"Nurse Fu has never looked down on us and often invites us to have meals or tea at restaurants," said Ou.
Fu's devotion has not only moved medical doctors working with the village hospital but also dispelled the phobia felt by healthy residents from nearby villages toward the leper colony.
Dwellers from Tanshan Leper Rehab Village are now able to chat with healthy villagers from other villages and are no longer turned away when they want to buy things from the farmers' market in the vicinity.
After Fu's story became known to the outside world, more and more people from other parts of the country have visited Tanshan Leper Rehab Village, pouring in aid and donations.
Fu, now 60 and unmarried, has led a simple life. She never uses cosmetics or wears jewellery. She shuns air conditioners and instead uses two electric fans during summer time, according to Luo Youzhi, president of the Tanshan Leper Rehab Village hospital.
"I don't want there to be too big a difference between me and the villagers from the leper colony, who don't use air conditioners," said Fu.
Leaving her mother in the care of her younger sister in Hong Kong, Fu has helped raise money and materials equivalent to 100,000 yuan (about US$12,500) for the village she has served for the past three years.
Conditions at Tanshan Leper Rehab Village are improving. Government-subsidized housing has been built. Construction has started on a cement road linking the village to the outside world.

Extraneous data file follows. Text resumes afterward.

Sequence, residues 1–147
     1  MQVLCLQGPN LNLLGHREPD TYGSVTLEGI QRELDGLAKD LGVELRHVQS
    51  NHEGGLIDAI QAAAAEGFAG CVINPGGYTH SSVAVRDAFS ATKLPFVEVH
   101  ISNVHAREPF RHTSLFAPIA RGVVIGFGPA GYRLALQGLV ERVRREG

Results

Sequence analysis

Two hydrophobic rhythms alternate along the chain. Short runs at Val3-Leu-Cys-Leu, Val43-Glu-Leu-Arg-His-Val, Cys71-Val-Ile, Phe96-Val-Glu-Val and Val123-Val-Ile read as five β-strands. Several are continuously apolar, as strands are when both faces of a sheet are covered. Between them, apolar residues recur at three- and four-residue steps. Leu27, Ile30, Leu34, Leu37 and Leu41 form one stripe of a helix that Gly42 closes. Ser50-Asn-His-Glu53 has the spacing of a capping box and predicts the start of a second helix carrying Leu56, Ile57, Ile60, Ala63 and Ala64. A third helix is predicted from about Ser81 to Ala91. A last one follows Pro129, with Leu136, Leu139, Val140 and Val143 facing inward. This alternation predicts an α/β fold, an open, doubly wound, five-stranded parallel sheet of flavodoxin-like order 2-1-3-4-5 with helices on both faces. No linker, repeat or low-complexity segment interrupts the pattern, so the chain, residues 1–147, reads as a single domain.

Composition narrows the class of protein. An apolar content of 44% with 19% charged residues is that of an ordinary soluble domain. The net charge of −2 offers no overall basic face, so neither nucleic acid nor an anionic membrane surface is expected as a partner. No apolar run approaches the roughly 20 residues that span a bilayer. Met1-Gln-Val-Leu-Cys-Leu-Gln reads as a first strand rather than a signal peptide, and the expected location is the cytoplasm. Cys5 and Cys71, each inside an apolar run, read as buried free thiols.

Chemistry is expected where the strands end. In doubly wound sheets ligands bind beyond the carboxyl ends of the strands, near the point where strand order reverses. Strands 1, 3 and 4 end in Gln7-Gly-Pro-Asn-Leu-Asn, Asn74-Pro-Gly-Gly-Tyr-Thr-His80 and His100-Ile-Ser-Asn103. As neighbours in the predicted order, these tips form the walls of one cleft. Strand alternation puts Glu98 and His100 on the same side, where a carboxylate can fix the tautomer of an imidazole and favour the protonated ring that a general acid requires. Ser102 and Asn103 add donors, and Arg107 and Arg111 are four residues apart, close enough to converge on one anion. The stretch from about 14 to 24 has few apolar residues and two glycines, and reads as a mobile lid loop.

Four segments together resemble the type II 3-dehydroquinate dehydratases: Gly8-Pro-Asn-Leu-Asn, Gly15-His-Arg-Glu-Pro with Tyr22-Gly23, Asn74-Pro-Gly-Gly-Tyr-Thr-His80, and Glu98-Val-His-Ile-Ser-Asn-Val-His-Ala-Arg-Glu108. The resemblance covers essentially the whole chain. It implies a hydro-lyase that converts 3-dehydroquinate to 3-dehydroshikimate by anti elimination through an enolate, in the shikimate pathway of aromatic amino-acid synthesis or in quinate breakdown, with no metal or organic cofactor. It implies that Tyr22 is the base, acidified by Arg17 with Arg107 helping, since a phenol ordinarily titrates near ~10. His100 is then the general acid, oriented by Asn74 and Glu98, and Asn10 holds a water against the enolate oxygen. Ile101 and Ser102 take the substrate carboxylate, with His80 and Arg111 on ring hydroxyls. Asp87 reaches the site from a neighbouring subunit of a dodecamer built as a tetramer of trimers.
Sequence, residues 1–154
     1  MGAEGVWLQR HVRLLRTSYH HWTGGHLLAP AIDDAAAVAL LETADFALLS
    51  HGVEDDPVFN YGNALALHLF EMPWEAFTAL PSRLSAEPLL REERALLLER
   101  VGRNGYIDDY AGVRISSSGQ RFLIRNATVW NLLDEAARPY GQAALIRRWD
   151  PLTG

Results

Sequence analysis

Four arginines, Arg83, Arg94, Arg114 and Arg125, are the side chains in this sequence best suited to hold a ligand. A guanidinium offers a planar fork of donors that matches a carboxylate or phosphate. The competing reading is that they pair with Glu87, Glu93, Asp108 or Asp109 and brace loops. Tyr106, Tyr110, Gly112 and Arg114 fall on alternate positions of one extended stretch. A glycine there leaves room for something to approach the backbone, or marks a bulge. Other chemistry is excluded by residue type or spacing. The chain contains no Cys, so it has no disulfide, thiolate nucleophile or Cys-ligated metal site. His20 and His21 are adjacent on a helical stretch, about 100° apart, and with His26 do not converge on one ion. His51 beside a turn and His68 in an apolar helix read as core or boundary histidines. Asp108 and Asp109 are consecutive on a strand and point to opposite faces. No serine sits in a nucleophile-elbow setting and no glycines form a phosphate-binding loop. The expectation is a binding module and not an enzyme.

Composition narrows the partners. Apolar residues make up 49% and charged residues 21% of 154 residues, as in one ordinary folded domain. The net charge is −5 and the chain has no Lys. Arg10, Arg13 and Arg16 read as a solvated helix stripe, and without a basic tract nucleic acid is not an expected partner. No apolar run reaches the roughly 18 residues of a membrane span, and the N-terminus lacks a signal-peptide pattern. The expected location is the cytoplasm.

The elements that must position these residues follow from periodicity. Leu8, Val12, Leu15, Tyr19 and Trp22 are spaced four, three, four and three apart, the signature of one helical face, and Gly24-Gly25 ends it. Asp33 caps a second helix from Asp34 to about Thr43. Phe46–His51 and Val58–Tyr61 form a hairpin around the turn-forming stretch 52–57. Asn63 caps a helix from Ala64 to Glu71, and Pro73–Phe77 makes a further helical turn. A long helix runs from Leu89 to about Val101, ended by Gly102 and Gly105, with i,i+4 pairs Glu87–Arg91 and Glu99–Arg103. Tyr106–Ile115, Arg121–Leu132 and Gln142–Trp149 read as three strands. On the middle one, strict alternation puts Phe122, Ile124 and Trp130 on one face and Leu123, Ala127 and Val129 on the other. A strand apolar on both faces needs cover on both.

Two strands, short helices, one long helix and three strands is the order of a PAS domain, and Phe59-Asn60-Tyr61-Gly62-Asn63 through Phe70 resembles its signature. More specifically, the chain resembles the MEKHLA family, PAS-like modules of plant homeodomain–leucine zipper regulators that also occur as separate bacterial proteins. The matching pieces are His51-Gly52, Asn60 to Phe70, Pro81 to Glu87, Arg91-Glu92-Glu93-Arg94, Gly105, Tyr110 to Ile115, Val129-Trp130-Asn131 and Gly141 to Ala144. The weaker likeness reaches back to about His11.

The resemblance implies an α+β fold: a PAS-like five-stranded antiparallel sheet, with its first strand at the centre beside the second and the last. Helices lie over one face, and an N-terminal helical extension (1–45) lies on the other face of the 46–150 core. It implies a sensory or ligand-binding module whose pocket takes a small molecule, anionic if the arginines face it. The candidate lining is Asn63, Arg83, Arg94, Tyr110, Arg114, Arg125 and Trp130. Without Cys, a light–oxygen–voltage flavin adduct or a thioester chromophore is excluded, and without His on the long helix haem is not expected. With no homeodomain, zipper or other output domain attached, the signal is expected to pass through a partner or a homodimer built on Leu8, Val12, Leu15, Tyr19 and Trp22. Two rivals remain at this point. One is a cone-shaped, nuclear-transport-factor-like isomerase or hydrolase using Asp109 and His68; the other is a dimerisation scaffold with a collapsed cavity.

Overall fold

However, Fu's health is not that good. In addition to back pain and the artificial hipbone implant, Fu had brain surgery in 2003 and had a pacemaker implanted in 2004.
Fu said what worried her most was the difficulty of finding nurses who are willing to tend to the needs of the lepers in the village on a long-term basis.
"There are many people who come to offer help but they are only willing to stay for a short period of time," said Fu, "I hope more nurses will come to replace me because one day I will be too old to move around. We need people to take care of the leprosy patients."
"I am a candle, I want to brighten up the hearts of as many lepers as I can before I finish my work here," said Fu, who said she intends to take care of another leper colony in Zhaoqing, where conditions are worse than in Tanshan.
As the New Year begins, the candle burns brightly.
(Xinhua News Agency January 2, 2007)